My employer-provided Dell M70 hits the mid-70's, and is the coolest running laptop I've had.

    My old Acer 8104 hit 97-105C.

    My D410 hit high-80's.

    An ancient HP ZD7000 hit high 90s.

    My wife's MB hits high 80s

    Our old TiBook 800Mhz G4 hit high 80s.

    Other than the fact that the MBP "feels" hotter to the touch due to the metal case, it seems in line with every other laptop I've used in the last 8 years.
  17. CaptainChunk macrumors 68020


    Apr 16, 2008
    Phoenix, AZ
    Typical. My MBP 2.6GHz reaches about 85 degrees when I'm rendering or transcoding video in FCP. It's nothing to be worried about.
  18. MayaMachine thread starter macrumors newbie

    Jun 23, 2008

    It runs pretty good. I had a desktop before hand and got the MBP because now I'm going to be heading out to school, but performance wise I'd say It's handling extremely well. I rendered a single shot recently with my old desktop that was OC to 3.2 ghz or something like that, and it rendered the shot in 5 minutes 2 seconds. I then took that same shot over to my new MBP 2.6 ghz and it rendered in 5 minutes 7 seconds. So as you can imagine I was shocked. So it's either the MBP is squeezing every ounce of performance, or my desktop was being held back. Maybe the RAM. Likely a combo of the two :).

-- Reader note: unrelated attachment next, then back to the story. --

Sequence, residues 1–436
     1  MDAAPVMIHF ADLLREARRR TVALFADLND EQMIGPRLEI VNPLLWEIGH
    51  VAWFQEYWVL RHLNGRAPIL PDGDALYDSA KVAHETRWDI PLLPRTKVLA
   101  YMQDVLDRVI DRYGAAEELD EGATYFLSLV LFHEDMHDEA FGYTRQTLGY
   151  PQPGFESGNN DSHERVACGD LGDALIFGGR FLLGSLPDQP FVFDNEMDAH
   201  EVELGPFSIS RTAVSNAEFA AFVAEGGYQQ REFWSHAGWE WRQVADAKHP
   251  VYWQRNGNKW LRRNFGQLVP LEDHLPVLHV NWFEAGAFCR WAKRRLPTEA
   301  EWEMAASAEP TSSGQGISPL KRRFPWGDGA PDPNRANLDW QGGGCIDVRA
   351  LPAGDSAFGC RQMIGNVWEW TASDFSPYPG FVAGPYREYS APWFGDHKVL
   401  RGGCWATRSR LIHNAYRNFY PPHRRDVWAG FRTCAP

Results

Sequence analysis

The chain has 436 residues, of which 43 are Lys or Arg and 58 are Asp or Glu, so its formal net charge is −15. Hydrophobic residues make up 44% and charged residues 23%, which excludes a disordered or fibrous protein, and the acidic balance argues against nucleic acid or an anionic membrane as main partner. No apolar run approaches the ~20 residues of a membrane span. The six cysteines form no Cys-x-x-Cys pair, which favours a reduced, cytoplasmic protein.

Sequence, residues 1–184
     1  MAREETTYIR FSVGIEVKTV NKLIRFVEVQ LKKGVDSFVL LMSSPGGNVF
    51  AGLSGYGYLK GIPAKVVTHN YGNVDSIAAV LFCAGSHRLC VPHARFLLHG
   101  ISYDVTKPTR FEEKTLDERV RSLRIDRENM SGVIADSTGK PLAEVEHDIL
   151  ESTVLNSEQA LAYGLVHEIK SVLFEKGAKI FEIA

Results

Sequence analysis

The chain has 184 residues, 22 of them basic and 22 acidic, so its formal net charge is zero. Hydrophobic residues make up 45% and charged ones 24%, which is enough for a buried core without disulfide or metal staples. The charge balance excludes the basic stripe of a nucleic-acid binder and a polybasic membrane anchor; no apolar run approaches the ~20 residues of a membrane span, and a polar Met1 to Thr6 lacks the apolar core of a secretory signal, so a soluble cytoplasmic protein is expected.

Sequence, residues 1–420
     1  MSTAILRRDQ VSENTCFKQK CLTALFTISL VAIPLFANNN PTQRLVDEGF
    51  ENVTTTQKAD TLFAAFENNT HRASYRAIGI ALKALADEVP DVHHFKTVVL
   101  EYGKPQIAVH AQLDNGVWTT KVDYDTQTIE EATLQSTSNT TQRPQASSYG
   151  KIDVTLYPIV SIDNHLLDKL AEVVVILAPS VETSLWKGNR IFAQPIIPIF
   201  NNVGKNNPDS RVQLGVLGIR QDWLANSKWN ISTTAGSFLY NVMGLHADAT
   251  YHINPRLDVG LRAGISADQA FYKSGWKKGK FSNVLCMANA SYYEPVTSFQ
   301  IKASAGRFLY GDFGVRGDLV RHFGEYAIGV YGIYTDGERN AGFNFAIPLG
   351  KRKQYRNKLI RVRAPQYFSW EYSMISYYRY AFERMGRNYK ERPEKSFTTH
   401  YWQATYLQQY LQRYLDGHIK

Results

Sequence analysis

Well I would be using a desktop in a combo with my MBP but I had do give back the desktop I was using to my friend, who I borrowed it from. Since I'm heading off to school I decided that I need to go portable over power. I do completely agree though, I probably shouldn't be using the MBP for rendering. I'm thinking that I can get pull together some hardware and make a cheap little rendering station out of it that can just chill in my apartment for when the time comes.